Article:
'would rather do than/ would just as soon do'

JAVA090

Member
azerbaijani
" I would just as soon die as marry you" or " I would rather die than marry you"
Choosing appropriate phrase i have got stuck which one to prefer, Help me with choice
Thanks in advance
 
  • bibliolept

    Senior Member
    AE, Español
    Any context you can provide would be handy, but I can point to one difference between these two dramatic statements. "Just as soon" suggests that both choices are equal, and presumably undesirable. The other phrasing literally states that the speaker would prefer death to that marriage.
     

    perpend

    Banned
    American English
    Context does lack, but they are equal (both statements), in my vernacular, bibliolept.

    Both mean, for me: ... prefer death over marriage ...
     

    JAVA090

    Member
    azerbaijani
    I am sorry for not be able to provide any context, it was my sentence i made up to single out difference between two these phrases, because they seem to have the same meanings. But i would say i always prefer second phrase to first one. So then what is your suggestion? which one do you think i should prefer?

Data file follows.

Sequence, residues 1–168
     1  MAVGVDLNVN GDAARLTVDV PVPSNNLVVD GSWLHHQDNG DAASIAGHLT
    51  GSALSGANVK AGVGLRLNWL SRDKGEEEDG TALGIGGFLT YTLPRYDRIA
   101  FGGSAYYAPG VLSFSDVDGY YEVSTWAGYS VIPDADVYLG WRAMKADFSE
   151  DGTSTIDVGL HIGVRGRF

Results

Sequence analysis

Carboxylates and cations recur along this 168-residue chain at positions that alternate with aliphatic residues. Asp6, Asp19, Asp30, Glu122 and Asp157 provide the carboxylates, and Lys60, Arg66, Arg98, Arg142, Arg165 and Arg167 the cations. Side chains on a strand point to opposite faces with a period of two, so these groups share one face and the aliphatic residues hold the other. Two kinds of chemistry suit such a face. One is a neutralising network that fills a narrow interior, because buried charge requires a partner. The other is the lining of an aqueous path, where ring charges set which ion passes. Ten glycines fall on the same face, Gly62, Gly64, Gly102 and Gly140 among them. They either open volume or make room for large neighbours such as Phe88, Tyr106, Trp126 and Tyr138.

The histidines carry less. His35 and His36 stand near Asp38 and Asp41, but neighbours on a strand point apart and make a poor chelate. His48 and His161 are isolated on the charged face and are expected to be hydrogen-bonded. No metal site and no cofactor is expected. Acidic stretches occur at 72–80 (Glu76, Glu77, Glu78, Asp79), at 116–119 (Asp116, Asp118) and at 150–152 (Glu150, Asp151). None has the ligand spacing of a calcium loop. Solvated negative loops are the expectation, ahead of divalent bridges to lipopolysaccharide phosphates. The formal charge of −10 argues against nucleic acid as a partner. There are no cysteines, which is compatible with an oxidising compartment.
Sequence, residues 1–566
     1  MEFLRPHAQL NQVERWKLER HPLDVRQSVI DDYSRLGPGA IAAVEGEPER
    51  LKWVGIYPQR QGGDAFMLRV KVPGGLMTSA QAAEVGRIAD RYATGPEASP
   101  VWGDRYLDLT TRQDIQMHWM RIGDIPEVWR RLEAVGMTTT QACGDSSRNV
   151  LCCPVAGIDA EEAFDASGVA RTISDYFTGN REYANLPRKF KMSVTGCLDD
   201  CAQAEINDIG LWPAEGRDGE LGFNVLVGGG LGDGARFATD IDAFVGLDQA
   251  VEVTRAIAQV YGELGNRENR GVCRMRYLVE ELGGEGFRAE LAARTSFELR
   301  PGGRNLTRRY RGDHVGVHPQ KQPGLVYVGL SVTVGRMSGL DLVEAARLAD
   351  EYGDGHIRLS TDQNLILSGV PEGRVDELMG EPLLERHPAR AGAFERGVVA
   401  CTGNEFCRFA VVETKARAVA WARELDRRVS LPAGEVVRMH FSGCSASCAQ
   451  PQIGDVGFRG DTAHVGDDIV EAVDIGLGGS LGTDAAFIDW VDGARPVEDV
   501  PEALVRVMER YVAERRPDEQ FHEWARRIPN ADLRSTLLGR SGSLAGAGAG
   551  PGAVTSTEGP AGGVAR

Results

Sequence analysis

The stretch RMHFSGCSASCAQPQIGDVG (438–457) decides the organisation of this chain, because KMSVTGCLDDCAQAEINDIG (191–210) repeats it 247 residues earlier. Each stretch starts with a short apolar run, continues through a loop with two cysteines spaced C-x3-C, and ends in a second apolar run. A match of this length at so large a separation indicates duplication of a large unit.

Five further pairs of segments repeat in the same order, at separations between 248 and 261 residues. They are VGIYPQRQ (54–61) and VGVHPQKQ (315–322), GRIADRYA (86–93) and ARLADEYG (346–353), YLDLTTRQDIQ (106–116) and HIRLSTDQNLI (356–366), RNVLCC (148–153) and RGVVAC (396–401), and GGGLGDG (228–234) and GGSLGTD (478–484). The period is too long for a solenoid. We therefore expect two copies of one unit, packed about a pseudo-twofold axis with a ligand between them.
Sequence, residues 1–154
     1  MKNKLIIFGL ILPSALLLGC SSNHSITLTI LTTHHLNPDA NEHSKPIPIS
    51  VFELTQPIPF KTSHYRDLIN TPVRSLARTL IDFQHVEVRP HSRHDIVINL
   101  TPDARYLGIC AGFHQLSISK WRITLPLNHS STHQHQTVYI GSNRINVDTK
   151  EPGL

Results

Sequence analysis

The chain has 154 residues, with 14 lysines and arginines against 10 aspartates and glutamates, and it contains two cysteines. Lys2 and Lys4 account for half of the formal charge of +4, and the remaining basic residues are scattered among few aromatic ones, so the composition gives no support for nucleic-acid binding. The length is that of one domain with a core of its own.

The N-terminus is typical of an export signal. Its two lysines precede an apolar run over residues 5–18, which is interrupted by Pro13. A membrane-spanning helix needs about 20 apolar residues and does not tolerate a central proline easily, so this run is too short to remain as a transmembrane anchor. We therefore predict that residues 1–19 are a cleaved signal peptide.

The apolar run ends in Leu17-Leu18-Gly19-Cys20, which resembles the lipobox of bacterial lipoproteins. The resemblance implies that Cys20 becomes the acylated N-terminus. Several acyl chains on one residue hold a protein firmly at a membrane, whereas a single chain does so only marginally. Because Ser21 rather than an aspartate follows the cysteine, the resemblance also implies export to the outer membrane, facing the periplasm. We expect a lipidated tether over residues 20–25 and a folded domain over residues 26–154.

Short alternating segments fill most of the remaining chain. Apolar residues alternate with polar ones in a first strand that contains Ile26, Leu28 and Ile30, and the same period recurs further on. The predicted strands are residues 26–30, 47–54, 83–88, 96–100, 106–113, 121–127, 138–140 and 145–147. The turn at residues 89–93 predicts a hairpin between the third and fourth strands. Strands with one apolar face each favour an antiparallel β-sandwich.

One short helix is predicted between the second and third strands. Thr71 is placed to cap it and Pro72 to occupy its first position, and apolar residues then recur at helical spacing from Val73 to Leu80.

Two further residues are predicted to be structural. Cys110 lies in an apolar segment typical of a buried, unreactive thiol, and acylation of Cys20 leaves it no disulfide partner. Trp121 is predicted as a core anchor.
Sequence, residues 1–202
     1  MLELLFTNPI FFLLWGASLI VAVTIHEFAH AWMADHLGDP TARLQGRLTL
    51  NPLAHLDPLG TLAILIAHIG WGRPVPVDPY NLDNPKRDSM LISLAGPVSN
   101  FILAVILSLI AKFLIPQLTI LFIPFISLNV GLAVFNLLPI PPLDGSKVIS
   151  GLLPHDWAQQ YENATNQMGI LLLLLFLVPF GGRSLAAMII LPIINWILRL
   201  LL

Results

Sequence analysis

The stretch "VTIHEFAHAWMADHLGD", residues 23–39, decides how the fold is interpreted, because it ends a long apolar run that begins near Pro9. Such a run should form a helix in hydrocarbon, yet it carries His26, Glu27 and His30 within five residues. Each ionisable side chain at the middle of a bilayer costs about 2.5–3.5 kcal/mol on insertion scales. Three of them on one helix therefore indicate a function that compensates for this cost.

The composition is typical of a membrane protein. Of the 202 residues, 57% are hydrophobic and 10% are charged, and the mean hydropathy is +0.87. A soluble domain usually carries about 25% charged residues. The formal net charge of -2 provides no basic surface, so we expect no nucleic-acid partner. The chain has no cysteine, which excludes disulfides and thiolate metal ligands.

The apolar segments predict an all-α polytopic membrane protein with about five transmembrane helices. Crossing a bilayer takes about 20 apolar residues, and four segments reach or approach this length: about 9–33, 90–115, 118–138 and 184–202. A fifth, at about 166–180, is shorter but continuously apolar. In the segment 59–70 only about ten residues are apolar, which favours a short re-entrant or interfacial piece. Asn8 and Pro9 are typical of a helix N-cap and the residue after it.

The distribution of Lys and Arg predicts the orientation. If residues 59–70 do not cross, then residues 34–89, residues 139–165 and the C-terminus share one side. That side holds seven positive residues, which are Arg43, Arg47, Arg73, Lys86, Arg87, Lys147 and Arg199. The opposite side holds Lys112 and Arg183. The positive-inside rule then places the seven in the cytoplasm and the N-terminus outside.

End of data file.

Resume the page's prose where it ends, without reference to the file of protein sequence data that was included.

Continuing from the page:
velisarius

    Senior Member
    British English (Sussex)
    The first is a little colloquial. If you're making a grand gesture, "I'd rather die than betray my country", is more appropriate than "I'd just as soon die as betray my country".
     

    perpend

    Banned
    American English
    Of course I can reach a hand across the pond. Maybe it just sounds more familiar (by that I mean more normal) to an AmE speaker? I can see where it sounds odd to a BrE speaker.

    I may get this from my Irish grandmother.

    "just as soon" sounds quite normal to me.
     
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